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Problems Faced By Children In India Essay

“Poverty is humiliation, the sense of being dependent on them, and of being forced to accept rudeness, insults, and indifference when we seek help.” —Latvia 1998

In the simplest term, poverty may be defined as a social condition where individuals do not have financial means to meet the most basic standards of life that is acceptable by the society. Individuals experiencing poverty do not have the means to pay for basic needs of daily life like food, clothes and shelter.

 

Poverty also staves people off from accessing much needed social tools of well-being like education and health requirements. The direct consequences stemming from this problem are hunger, malnutrition and susceptibility to diseases which have been identified as major problems across the world. It impacts individuals in a socio-psychological way with them not being able to afford simple recreational activities and getting progressively marginalized in the society.

The term poverty is interconnected with the notion of the poverty line/ threshold that may be defined as the minimum figure of income that is required in a particular country for maintaining the socially acceptable quality of life in terms of nutritional, clothing and sheltering needs. The World Bank has updated its international poverty line figures to 1.90 USD (Rs. 123.5) per day on October 2015 (based on prices of commodities in year 2011-2012), from 1.5 USD(Rs. 81) as a response to the changes in the cost of living across the world as per current economy. The organization estimates that – “Just over 900 million people globally lived under this line in 2012 (based on the latest available data), and we project that in 2015, just over 700 million are living in extreme poverty.”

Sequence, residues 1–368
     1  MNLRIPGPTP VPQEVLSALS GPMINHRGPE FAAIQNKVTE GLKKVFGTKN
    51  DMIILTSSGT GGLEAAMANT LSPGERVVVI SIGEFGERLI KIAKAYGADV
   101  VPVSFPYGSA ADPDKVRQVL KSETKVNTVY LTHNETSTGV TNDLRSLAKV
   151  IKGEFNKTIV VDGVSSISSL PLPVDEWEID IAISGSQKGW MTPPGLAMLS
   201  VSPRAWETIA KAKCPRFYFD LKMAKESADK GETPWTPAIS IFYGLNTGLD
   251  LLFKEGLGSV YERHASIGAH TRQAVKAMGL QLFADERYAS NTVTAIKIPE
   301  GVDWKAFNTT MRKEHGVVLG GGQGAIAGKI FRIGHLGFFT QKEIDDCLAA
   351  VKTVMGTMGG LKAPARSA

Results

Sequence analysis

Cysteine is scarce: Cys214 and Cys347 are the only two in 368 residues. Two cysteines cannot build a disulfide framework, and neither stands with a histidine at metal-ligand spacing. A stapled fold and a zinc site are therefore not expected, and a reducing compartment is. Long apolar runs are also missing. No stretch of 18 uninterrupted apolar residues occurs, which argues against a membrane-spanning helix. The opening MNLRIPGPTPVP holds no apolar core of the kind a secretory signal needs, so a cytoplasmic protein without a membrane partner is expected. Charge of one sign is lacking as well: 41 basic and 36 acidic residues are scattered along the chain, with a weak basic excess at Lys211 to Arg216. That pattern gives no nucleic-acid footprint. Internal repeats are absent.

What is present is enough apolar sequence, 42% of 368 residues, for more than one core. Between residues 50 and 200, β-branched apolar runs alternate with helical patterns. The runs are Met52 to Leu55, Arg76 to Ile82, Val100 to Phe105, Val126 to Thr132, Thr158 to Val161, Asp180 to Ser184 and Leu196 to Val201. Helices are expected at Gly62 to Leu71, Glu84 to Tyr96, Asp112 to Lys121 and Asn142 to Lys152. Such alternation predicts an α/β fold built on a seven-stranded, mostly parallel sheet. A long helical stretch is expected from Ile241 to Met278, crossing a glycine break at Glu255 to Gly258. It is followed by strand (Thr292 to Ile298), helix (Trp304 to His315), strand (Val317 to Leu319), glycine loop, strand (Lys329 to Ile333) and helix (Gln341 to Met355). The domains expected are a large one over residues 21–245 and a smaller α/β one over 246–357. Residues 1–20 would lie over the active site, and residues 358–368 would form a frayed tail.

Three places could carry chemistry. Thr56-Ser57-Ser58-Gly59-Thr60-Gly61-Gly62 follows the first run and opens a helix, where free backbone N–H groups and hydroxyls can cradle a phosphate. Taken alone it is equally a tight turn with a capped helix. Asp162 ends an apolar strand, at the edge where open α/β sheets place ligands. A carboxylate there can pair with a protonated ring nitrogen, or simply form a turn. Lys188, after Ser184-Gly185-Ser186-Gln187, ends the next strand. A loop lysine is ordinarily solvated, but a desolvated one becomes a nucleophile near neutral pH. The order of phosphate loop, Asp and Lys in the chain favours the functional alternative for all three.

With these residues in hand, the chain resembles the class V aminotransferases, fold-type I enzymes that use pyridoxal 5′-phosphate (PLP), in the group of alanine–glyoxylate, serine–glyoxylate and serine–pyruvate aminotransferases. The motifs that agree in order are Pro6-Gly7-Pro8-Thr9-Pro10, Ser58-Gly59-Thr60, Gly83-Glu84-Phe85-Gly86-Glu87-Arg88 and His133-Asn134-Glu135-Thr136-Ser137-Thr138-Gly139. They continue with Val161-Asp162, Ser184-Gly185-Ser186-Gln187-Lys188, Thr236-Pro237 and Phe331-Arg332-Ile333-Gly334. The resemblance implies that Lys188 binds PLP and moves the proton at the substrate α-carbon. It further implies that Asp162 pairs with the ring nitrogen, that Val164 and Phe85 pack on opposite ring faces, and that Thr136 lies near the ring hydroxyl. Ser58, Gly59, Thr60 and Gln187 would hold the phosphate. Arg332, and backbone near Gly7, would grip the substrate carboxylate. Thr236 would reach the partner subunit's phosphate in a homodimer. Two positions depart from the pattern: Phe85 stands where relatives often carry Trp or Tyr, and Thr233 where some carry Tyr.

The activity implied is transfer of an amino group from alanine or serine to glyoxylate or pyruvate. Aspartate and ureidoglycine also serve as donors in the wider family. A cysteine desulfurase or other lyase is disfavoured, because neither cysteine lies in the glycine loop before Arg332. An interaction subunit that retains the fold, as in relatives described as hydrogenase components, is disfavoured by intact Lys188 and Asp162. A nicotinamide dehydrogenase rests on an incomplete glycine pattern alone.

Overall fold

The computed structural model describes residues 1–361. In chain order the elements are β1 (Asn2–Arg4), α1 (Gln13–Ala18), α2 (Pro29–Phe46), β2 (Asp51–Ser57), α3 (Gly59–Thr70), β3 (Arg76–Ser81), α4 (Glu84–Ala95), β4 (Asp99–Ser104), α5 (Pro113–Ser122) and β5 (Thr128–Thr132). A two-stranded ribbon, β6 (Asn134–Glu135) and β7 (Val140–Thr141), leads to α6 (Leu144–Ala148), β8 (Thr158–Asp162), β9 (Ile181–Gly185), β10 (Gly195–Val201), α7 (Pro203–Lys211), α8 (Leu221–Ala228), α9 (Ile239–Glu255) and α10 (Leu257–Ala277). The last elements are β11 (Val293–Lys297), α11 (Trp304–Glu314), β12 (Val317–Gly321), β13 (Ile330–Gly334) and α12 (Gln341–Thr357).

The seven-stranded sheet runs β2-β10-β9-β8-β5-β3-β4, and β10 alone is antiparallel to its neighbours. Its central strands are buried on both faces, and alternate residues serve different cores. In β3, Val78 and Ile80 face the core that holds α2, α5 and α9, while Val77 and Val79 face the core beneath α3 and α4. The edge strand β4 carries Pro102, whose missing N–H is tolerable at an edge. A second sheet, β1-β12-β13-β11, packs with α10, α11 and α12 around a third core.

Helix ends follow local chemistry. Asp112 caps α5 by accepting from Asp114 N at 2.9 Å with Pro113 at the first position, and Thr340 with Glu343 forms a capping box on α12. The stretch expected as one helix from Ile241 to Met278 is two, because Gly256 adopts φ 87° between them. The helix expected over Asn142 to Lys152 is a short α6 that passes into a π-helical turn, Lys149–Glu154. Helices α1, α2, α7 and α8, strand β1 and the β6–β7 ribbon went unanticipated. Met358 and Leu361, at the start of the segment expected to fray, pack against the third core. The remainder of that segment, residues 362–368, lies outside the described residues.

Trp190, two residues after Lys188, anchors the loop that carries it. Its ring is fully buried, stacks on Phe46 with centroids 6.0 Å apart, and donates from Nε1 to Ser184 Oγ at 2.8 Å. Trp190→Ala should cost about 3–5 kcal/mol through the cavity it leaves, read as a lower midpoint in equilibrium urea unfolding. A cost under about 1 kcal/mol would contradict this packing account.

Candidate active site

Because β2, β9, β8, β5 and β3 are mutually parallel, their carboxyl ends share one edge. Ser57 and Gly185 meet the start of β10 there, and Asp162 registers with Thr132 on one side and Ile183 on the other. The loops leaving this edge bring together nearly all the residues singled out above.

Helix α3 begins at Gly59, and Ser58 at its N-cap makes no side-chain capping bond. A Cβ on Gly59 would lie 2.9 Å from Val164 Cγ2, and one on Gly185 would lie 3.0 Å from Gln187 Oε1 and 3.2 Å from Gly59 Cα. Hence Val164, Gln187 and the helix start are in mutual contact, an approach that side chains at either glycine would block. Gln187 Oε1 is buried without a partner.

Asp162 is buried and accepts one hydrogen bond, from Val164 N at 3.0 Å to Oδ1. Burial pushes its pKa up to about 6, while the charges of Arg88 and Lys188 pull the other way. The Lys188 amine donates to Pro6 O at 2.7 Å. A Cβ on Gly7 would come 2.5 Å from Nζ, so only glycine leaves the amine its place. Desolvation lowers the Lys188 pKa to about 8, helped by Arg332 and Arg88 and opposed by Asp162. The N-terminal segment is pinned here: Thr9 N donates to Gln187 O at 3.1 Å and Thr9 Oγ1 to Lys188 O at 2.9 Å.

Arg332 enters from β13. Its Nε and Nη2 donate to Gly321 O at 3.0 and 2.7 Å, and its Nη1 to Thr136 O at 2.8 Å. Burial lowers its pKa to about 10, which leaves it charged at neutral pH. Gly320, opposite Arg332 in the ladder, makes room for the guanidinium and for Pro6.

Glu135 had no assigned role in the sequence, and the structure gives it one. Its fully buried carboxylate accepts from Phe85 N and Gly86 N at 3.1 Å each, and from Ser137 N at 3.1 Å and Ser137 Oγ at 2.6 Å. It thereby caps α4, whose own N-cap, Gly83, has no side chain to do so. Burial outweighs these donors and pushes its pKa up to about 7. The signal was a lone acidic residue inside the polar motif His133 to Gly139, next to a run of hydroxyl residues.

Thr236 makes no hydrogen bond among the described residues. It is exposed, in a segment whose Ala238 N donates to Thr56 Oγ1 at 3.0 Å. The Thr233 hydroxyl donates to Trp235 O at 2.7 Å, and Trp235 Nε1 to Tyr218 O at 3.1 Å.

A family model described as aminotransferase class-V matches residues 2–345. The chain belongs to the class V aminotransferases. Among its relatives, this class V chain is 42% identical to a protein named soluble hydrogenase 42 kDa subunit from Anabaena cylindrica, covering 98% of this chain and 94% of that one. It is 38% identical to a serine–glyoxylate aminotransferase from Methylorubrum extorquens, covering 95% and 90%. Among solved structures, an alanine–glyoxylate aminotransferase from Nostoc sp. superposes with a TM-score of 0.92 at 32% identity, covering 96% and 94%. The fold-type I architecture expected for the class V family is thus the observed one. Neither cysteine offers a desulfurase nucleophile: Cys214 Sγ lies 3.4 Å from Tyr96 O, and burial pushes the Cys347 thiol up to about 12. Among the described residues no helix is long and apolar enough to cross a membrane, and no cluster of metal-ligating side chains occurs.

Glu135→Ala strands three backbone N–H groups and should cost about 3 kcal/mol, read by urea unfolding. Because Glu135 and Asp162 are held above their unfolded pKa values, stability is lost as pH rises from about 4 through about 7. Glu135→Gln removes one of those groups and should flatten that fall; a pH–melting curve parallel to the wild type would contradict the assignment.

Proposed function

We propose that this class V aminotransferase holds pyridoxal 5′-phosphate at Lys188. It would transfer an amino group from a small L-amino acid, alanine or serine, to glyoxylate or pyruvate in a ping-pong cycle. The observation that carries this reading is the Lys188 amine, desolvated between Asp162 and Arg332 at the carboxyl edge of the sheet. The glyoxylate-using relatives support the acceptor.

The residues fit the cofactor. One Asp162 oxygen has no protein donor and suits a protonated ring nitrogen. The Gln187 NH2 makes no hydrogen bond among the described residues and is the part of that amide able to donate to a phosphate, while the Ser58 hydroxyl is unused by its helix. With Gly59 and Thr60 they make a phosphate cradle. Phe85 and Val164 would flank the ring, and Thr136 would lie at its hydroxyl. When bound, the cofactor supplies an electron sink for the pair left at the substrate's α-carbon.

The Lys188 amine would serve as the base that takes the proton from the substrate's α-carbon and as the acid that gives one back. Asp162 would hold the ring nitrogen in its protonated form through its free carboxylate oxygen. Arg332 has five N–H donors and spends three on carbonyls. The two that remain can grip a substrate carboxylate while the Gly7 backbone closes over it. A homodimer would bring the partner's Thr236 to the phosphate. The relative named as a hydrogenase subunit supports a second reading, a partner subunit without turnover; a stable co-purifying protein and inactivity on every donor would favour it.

Poverty is a worldwide cause of concern even in economically stable countries like the USA. Current statistics state that over half the populations in the world, about 3 billion people, are forced to live on less than 2.5 dollars per day. In India, as per 2014 government reports, monthly per capita consumption expenditure is Rs. 972 per person in rural areas and Rs. 1407 per person in urban areas. This data is currently being accepted as the poverty threshold of the country. As of 2015, 21.9% of the total population lives below the national poverty threshold, as per the data of Asian Development Bank, that’s a whopping 269.7 million individuals not having enough money.

 

Causes of Poverty in India

Factors contributing to the persistent problem of poverty in the country are many and they need to be identified in order to be addressed properly. They can be categorized under the following heads.

1. Demographic – the main factor that contributes to poverty-ridden state of the country from a demographical point of view is the problem of over population. The growth of population in the country has so far exceeded the growth in economy and the gross result is that the poverty figures have remained more or less consistent. In rural areas, size of the families is bigger and that translates into lowering the per capita income values and ultimately lowering of standard of living. Population growth spurt also leads to generation of unemployment and that means diluting out of wages for jobs further lowering income.

 

2. Economic –there are a host of economic reasons behind persistence of the poverty problems which are outlined hereunder:-